Community Blog Flask vs Django vs Pyramid: How to Choose the 3 Top Python Frameworks

Flask vs Django vs Pyramid: How to Choose the 3 Top Python Frameworks

In this post, we will evaluate the three top Python frameworks and their suitability for use in your ECS instance.

Today, developers have a wide range of Python libraries to pick from. The most famous are Flask, Django, and Pyramid, but others include Falcon, Pecan, Bottle, Tornado, and Diesel. Given both of these options, you may be perplexed as to which system will fit better with your situation. When it comes down to it, selecting the appropriate platform is just as critical as selecting a dependable solution like Alibaba Cloud's Elastic Compute Service (ECS). The system you use has a significant impact on the results of your project.

Understanding the Three Python Frameworks

Let's first look at Django, which, you could say, comes with multiple stuff right out of the box to make the work of developers easier. But there's a catch. You need to be really good with Python already. The included components also mean that your application will be quite heavy for your server and thus a bit slower as a result. Nonetheless, all of this means that this framework does away with the need to bother with infrastructure decisions and minimizes work in routing, templating, authentication and some of the aspects of database management.

Next, we have Pyramid, which at its core is a much lighter alternative to Django. It includes routing and authentication features, but most of the other requirements such as templating and database management will need external libraries. Most developers consider Pyramid as an alternative to the other two frameworks. You will benefit from a substantial number of third-party plugins and libraries such as dashboards and admin panels. When working with large systems that require flexibility, you will find Pyramid more palatable than Django. Since you are at liberty to choose the ORM, templates, and forms, you end up with a slightly lighter application, which translates to less workload for your server. However, be prepared to do some heavy lifting before getting used to it, especially when used to Django. Mozilla and Yelp are some examples of organizations that use Pyramid.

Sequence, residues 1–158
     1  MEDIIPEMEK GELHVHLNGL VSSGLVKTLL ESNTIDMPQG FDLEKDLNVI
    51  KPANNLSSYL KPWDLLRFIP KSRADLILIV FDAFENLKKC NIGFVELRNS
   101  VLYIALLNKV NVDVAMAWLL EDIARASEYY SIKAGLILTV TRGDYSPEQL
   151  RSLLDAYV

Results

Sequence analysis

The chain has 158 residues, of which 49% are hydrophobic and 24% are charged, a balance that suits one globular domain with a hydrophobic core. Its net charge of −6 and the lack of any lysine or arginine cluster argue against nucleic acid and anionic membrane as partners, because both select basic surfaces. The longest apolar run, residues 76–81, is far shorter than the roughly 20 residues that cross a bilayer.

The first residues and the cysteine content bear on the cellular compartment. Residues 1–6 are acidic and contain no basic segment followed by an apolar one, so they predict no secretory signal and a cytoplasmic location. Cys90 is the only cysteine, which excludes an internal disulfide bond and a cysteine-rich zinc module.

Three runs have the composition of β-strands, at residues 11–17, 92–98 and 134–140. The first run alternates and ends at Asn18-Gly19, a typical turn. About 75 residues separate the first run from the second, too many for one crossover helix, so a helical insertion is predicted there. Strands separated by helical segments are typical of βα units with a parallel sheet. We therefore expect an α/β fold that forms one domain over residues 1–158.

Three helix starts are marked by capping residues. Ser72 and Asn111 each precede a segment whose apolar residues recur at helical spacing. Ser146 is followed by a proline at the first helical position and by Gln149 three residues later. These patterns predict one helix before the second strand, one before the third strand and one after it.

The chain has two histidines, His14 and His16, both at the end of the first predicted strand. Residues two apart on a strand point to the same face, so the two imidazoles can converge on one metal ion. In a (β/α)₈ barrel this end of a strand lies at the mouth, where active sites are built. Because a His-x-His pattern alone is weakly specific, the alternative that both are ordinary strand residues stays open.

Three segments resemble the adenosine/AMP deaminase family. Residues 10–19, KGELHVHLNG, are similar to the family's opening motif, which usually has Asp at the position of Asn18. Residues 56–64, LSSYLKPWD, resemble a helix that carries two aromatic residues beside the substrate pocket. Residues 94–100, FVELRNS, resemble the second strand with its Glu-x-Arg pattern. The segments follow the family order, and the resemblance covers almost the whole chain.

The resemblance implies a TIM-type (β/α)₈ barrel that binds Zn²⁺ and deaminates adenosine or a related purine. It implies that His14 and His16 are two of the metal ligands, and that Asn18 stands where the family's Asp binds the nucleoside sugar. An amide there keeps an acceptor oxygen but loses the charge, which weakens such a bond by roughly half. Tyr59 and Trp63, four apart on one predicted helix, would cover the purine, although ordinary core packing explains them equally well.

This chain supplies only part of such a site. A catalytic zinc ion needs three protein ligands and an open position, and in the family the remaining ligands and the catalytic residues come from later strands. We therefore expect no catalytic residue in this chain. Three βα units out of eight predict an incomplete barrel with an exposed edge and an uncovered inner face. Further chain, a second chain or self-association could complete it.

Our last consideration is Flask, a relatively young framework launched in 2010. Despite it being a recent debut, there is already a large user base from the developer community, especially in microservices and small projects. When handling projects that necessitate the use of non-standard ORM, both Flask and Pyramid can be great alternatives, the difference being on the application architecture.

So, what should guide the choice of a framework for use on your Alibaba Cloud ECS?

There are four main considerations to make here:

  1. Application performance
  2. Cost of Infrastructure